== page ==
In comparison, education and medical loans grew after 2001, when prices for both higher education and medical care once again rose sharply. The increase in the share of loans for education and medical expenses rose by 4.8 percentage points between 2001 and 2004, from 6.7 percent in 2001 to 11.5 percent in 2004, thus compensating for approximately half of the decline in the share of loans for home purchases and improvements, data which is also reflected in the table below.

    Primarily, though, people borrow from their DC plans to purchase goods and services. This could reflect a drop in income due to a job loss or additional demands on household income due to health care needs or the purchase of a home. These effects may not be fully captured in the loan categories discussed above. For instance, a family in which one or two family members are in bad health may pay for their medical bills out of their income, but they may have to borrow from their DC plans to cover other large expenditures. We thus try to capture the potential effect of unemployment, health status, income, and homeownership on the likelihood of having a loan from a DC plan.

    The figures indicate that there is a link between most of these events and the probability of a DC pension plan loan. For instance, there were 63.1 percent more families with an unemployed family member among families with loans than among families without loans prior to 1998. In the later years, the difference rose to 163.2 percent. Also, unemployed families were much more likely than employed ones to have a loan prior to 1998. The opposite, though, is true after 1995.

    This, combined with the previous fact that unemployed families are disproportionately represented among families with DC loans, indicates that families experiencing a spell of unemployment after 1995 also had a lot more access to DC retirement savings accounts. This may simply reflect the fact that unemployment became a more long-term and more middle-class phenomenon after 2000. Middle-class families tend to be more likely to have DC retirement savings accounts than lower-income ones, and thus have more ability to dip into their savings when they experience an unemployment spell. Consequently, unemployment tends to be associated with loans from DC plans, and it seems that unemployment has become more widespread among families with DC plans.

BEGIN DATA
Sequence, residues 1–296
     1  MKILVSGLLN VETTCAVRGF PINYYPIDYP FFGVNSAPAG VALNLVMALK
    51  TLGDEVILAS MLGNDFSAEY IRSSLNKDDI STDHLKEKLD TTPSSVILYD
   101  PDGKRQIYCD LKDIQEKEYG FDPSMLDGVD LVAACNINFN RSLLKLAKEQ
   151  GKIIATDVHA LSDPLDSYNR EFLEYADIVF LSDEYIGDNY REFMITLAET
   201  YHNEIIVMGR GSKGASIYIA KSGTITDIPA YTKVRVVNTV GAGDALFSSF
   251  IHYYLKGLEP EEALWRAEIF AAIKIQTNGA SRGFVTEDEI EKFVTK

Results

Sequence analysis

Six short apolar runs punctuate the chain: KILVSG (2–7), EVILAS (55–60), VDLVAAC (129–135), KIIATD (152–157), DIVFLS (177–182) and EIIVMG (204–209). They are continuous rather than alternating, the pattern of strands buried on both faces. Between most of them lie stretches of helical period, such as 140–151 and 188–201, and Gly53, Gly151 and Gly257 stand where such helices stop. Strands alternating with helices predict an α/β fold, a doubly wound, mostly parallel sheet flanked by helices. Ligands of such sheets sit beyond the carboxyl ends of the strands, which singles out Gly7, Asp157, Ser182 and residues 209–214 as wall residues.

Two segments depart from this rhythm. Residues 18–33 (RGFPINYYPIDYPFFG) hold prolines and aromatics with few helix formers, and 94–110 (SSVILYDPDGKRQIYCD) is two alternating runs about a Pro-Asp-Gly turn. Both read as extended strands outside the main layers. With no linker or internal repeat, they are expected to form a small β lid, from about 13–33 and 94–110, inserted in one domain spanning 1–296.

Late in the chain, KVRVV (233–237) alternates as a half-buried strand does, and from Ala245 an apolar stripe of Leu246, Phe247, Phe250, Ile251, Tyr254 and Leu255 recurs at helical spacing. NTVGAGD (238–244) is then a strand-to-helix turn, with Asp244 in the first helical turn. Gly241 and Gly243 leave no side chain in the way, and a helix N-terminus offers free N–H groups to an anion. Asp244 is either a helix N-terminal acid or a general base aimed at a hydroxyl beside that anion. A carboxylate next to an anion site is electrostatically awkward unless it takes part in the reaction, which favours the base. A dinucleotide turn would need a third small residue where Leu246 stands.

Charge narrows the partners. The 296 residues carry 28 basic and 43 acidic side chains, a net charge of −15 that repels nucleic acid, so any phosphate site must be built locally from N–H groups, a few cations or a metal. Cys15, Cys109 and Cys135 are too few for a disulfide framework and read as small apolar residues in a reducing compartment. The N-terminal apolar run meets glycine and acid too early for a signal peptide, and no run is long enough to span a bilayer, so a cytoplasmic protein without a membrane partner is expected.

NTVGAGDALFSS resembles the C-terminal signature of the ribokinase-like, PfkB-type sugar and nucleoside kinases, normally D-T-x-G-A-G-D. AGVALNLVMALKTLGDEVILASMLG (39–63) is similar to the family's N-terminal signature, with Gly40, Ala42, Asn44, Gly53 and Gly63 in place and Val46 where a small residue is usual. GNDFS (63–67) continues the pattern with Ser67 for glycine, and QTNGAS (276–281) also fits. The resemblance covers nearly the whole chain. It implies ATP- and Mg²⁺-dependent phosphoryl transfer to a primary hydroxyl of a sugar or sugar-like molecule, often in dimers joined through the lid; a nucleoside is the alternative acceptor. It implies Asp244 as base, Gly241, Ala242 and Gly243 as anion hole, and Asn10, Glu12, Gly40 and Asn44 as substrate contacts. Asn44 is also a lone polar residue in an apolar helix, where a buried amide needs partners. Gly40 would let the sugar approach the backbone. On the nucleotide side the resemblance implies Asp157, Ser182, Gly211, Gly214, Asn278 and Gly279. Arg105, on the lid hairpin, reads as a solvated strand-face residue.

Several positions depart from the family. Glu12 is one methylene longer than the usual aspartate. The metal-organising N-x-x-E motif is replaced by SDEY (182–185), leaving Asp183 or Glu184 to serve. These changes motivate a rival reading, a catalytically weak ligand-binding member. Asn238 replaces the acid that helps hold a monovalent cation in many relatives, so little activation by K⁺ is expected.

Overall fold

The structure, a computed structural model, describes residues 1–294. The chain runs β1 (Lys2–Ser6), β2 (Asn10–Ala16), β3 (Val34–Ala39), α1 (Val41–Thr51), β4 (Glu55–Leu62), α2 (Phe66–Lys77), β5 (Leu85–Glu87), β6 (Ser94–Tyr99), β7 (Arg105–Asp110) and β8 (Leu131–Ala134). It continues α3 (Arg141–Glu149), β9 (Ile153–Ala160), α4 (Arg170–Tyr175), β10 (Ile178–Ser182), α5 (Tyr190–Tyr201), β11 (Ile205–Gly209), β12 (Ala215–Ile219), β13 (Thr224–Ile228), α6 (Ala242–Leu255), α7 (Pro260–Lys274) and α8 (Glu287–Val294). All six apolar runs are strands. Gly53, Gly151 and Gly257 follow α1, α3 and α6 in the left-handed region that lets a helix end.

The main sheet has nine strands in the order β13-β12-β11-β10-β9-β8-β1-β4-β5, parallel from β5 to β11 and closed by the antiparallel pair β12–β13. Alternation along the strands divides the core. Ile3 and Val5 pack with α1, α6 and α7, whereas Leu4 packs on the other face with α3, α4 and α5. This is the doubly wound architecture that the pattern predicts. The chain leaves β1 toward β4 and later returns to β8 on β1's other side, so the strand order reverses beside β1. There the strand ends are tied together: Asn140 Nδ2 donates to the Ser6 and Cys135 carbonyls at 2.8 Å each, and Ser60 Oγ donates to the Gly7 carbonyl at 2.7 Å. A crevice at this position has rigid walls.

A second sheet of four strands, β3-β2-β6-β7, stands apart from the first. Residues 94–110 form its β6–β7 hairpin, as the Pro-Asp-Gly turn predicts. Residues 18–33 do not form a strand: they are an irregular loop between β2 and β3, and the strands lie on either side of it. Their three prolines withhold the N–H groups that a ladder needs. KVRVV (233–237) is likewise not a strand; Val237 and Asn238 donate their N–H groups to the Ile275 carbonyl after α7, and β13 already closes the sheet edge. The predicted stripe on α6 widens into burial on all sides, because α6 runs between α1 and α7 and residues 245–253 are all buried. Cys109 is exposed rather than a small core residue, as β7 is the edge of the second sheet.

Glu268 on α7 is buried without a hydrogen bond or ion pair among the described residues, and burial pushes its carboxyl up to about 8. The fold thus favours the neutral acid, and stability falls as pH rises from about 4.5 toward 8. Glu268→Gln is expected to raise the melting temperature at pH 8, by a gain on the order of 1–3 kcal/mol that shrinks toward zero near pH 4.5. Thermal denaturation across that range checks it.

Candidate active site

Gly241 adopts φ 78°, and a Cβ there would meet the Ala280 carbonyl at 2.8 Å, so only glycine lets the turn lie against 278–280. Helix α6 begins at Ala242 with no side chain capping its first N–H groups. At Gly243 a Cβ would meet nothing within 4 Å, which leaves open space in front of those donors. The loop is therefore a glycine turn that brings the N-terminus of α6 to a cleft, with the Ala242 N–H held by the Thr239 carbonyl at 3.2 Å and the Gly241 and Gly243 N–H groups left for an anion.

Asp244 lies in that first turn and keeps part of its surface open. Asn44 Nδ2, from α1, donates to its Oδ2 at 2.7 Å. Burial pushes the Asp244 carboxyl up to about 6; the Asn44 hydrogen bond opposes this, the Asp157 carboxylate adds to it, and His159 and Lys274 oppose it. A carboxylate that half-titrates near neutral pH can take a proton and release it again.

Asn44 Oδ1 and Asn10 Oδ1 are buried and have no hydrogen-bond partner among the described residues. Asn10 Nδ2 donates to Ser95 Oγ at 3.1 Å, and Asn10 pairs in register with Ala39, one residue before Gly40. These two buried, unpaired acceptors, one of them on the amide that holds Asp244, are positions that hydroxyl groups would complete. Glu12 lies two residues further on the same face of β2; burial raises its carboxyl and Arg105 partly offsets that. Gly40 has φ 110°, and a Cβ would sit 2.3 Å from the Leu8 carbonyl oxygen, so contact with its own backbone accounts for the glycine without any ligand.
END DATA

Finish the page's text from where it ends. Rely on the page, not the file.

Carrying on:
Having a family member in bad health also raises the likelihood of having a loan. Families with a family member in bad health were between 39.4 percent and 47.6 percent more likely than families in good health to have a loan after 1998, reflecting a growing difference by health status over time (Table 6). Also, families, with a member in bad health were more likely to borrow from their retirement savings accounts. After 1995, for example, roughly 16 percent of families with a family member in bad health had a loan, compared with only 11.0 percent for families in good health.

    The figures by homeownership require a little more discussion because renters are actually somewhat disproportionately represented among families with loans. Once we look at homeowners and renters with DC retirement savings accounts, though, we see that homeowners are much more likely to borrow from their accounts. After 1995, 12.4 percent of homeowners borrowed from their retirement accounts, compared to 10.1 percent for renters. The table below details all of these trends.